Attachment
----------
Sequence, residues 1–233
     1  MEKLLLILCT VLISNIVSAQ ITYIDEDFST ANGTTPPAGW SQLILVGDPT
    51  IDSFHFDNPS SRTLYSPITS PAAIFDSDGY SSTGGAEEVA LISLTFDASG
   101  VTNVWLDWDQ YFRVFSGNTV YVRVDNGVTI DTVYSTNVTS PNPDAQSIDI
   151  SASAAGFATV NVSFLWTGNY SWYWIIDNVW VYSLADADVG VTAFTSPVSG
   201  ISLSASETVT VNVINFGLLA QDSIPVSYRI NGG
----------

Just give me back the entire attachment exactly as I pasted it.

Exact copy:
Sequence, residues 1–233
     1  MEKLLLILCT VLISNIVSAQ ITYIDEDFST ANGTTPPAGW SQLILVGDPT
    51  IDSFHFDNPS SRTLYSPITS PAAIFDSDGY SSTGGAEEVA LISLTFDASG
   101  VTNVWLDWDQ YFRVFSGNTV YVRVDNGVTI DTVYSTNVTS PNPDAQSIDI
   151  SASAAGFATV NVSFLWTGNY SWYWIIDNVW VYSLADADVG VTAFTSPVSG
   201  ISLSASETVT VNVINFGLLA QDSIPVSYRI NGG